Korean Coleslaw


Often when I’m browsing online for recipes, I print one I like, save it, and keep the stack of recipes in my kitchen.

Which is silly, because I have boxes of recipes glued on cards stemming from my childhood, and even folders for saved recipes that are organized by the season and, of course, my cookbooks. I guess one can never have too many recipes.

So I was browsing through my recipe “stack,” and I saw the words “gochujang” and “coleslaw” together. What? There it was – a coleslaw, with a dressing containing Gochujang!!

I only recently discovered the Korean barbecue paste, and used it on pork tenderloin. What a wonderful flavor this paste imparts.

Turns out that the coleslaw recipe is from Abbe’s blog “This is How I Cook.” Not only does she have a great blog, she has the cutest dog, Geordie.

I made a few adjustments, mostly adding more gochujang to the coleslaw dressing.

Korean Coleslaw

1/3 cup mayonnaise
1/3 cup sour cream
1/3 cup apple cider vinegar
3 tablespoons gochujang
1-2 tablespoons Sriracha
1 tablespoon agave

4 cups shredded cabbage, purple and white
1 red bell pepper, julienned
1 cup grated carrots
8 green onions, sliced
1 bunch cilantro, cleaned, chopped
Black sesame seeds, optional
Peanuts, optional

First prepare the gochujang dressing in a small blender jar and set aside.

Place the purple and white cabbages, red bell pepper, and carrots in a large bowl. Mix well.

Add the dressing and stir. Let sit for 1-2 hours to soften the cabbage slightly. Taste before continuing with the recipe.

Add the green onions and cilantro and mix together.

To serve, sprinkle the coleslaw with sesame seeds.

If I’d only used purple cabbage, I would have also used white sesame seeds.

Then add some peanuts.

If you want it spicier, add more Sriracha sauce and stir well, but you don’t want it to overpower the gochujang.

And for heaven’s sake, slice your own cabbage. Don’t buy those terrible bags of coleslaw!

It’s fresher and it’s cheaper!

This coleslaw was fantastic! It would be great with salmon or chicken on top as well. Thanks Abbe!

50 thoughts on “Korean Coleslaw

  1. not sure hubby would go for this, but it has my name written all over! Love gochujang… would omit the mayo and use something else, but other than that….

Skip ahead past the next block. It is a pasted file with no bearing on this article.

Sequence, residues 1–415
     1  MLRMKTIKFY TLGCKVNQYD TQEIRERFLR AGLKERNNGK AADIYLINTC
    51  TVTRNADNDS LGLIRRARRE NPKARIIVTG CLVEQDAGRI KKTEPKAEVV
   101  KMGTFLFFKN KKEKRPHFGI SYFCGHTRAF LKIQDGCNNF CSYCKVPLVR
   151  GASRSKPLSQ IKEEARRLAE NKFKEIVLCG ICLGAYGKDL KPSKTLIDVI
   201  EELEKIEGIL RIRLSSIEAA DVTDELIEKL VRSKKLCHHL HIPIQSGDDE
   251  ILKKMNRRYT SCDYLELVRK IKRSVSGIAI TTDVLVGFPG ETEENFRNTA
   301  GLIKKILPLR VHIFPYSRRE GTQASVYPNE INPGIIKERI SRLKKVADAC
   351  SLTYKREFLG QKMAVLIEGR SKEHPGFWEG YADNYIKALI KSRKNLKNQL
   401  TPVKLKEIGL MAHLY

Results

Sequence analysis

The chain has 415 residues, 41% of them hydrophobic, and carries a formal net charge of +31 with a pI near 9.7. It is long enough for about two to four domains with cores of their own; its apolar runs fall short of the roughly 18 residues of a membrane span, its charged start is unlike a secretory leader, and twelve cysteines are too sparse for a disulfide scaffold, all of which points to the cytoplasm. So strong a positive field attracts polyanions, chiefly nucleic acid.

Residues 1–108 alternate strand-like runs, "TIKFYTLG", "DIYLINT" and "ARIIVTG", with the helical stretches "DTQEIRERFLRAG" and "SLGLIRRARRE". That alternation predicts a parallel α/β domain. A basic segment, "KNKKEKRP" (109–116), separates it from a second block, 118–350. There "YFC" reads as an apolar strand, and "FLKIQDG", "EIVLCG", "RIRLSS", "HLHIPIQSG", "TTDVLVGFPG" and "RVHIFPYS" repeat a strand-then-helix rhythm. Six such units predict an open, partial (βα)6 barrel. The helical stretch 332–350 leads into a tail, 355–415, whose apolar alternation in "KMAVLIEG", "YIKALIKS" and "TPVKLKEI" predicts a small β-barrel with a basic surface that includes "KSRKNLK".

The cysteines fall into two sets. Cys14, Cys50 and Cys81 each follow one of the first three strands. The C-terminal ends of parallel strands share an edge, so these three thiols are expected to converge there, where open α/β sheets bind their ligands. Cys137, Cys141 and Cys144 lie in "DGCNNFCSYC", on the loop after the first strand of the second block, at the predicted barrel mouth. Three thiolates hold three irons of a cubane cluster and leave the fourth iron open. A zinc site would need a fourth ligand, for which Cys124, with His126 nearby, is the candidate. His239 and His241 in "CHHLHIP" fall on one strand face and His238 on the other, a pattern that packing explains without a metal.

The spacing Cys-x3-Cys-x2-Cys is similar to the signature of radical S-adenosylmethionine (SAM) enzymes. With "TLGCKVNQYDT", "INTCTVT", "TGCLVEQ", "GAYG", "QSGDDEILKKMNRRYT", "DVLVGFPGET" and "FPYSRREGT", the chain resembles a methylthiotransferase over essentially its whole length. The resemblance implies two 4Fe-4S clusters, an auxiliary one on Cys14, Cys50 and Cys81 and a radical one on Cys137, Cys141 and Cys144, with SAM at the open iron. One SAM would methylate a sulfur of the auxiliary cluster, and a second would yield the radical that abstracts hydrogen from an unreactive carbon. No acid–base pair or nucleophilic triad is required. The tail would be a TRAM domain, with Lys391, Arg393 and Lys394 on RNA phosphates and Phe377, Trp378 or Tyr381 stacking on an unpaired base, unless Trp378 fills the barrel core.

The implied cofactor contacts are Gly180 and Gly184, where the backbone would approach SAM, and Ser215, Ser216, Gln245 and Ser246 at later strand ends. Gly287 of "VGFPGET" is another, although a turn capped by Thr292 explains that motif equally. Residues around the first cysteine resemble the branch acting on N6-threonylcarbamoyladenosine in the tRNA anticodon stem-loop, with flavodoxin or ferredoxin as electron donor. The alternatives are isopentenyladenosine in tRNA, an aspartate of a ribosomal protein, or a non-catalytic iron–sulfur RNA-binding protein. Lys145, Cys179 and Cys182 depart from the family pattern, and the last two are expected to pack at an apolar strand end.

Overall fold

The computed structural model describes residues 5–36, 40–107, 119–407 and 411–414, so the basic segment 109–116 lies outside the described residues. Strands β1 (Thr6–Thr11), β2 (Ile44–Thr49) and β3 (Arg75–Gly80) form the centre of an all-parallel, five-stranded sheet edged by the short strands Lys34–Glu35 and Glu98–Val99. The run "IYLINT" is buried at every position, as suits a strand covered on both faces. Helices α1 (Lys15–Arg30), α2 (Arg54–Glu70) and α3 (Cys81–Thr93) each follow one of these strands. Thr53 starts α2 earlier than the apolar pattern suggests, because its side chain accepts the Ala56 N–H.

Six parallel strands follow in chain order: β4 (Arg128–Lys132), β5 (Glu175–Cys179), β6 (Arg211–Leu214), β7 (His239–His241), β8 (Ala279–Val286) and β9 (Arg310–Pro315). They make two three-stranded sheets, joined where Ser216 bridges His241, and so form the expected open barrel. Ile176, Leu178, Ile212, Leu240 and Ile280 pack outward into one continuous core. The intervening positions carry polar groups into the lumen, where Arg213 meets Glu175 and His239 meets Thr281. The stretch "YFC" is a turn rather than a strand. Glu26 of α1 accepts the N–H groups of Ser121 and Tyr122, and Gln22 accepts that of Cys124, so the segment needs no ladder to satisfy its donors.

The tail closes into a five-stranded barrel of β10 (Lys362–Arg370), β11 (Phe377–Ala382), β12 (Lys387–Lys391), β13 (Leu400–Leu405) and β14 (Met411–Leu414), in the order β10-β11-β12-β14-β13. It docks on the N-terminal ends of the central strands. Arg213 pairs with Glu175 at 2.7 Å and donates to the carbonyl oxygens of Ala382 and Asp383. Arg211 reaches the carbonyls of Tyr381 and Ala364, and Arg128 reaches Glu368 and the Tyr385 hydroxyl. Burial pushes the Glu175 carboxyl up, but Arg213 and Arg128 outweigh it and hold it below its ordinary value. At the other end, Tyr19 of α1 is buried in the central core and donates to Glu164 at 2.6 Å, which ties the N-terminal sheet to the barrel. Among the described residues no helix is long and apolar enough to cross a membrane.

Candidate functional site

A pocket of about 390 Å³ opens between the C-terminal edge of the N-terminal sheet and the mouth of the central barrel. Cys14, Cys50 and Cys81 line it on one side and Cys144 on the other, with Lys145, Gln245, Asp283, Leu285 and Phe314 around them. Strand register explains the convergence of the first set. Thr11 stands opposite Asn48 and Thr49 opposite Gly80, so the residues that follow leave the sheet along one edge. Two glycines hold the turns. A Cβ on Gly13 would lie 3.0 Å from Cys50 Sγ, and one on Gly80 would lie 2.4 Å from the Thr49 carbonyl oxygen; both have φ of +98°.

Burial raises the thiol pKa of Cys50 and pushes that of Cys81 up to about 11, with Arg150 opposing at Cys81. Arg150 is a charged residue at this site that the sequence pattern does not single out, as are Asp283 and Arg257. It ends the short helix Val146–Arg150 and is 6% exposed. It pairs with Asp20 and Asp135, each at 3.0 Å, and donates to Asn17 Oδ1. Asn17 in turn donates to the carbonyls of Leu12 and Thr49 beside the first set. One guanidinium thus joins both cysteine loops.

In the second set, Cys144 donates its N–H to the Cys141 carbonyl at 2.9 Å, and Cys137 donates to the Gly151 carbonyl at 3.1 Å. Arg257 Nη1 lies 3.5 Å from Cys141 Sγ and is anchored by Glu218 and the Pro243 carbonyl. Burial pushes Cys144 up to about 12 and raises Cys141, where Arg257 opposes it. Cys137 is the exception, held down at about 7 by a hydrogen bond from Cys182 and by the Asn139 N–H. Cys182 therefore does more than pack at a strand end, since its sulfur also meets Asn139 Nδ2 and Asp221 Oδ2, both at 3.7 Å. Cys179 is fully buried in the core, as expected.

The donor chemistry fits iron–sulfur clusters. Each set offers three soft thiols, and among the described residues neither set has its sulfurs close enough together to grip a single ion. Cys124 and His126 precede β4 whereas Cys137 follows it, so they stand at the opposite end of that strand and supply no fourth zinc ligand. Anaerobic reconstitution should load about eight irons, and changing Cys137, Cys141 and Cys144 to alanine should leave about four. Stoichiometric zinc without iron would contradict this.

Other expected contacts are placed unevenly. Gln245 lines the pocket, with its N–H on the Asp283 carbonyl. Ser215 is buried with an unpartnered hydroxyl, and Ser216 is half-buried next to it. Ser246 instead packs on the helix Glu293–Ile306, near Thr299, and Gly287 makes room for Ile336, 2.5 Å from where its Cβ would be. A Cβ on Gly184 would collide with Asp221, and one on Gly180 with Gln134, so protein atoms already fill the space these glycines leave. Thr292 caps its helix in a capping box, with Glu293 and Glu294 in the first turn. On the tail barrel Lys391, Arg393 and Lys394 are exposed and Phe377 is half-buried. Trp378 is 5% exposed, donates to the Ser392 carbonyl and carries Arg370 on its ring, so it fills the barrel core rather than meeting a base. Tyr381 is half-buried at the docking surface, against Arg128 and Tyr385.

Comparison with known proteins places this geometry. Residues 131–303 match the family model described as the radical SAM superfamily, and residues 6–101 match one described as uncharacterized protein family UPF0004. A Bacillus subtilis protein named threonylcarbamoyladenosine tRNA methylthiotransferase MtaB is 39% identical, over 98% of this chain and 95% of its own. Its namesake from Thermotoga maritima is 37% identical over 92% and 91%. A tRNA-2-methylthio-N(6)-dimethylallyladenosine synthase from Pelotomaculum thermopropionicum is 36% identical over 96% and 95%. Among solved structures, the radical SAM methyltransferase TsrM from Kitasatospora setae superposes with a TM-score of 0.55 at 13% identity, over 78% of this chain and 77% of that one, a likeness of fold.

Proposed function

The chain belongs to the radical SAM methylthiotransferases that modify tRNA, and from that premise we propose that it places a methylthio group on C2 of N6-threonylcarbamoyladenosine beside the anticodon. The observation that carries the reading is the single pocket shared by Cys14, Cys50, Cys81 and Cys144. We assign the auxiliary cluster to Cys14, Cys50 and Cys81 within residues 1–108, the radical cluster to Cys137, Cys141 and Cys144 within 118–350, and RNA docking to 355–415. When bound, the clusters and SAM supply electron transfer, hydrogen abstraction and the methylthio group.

love it all!

    • Mine didn’t either. I ate it all. I really like the combination of mayo and sour cream for cole slaw, chicken salad, and so forth. Mayo supplies some zing. But then, some people (husband) hate mayonnaise.

  2. Very colourful, and it looks delicious. Has all the ingredients I like – except I still haven’t bought any gochujang, which has been on my “to buy” list since one of your previous posts mentioned it.
    I, too, have a stack of recipes printed off the web, and that’s how I happened upon the one scheduled for this week :-) . I have managed to greatly reduce the number of cookbooks on my shelf as well as the printed stack; nowadays I bookmark everything in the browser, but who knows when I’ll ever get to try making all those recipes…

  3. Yum! This sounds like a fantastic coleslaw! I too, have a whole heap of recipes floating around…never know when a recipe from the past is needed!

  4. I don’t believe Ive heard of this Korean paste, but it sure sounds like something I’d love. I’m sure my International Market will carry it. The salad sounds divine, lots of crunch and sweet and salty. What’s with all our recipes all over the place eh? I guess we can’t have enough of them. Then to add insult to injury, I now have them on my desktop computer, my iPad and my iPhone. Oh well, we just all love to cook eh?

  5. It seems to me that anything with a little gochujang has got to be good. :-) Picked some up not too long after reading a blog post about it. I think it may have been yours, if fact…

  6. I could make a meal of this! I’ll have to look for gochujang now. I’ve just starting putting Togarashi pepper on just about everything I cook so always happy to find a new spicy ingredient. I love Abbe’s blog :)

    • Then just go without. They all are made of hot chile peppers, so they’re all very similar. The salad doesn’t have to be spicy, but the gochujang is important!

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